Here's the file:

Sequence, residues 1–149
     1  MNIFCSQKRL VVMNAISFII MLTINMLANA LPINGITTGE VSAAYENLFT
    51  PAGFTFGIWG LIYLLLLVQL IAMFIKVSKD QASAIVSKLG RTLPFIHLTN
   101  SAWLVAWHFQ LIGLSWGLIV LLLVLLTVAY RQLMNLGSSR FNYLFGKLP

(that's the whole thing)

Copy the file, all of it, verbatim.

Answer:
Sequence, residues 1–149
     1  MNIFCSQKRL VVMNAISFII MLTINMLANA LPINGITTGE VSAAYENLFT
    51  PAGFTFGIWG LIYLLLLVQL IAMFIKVSKD QASAIVSKLG RTLPFIHLTN
   101  SAWLVAWHFQ LIGLSWGLIV LLLVLLTVAY RQLMNLGSSR FNYLFGKLP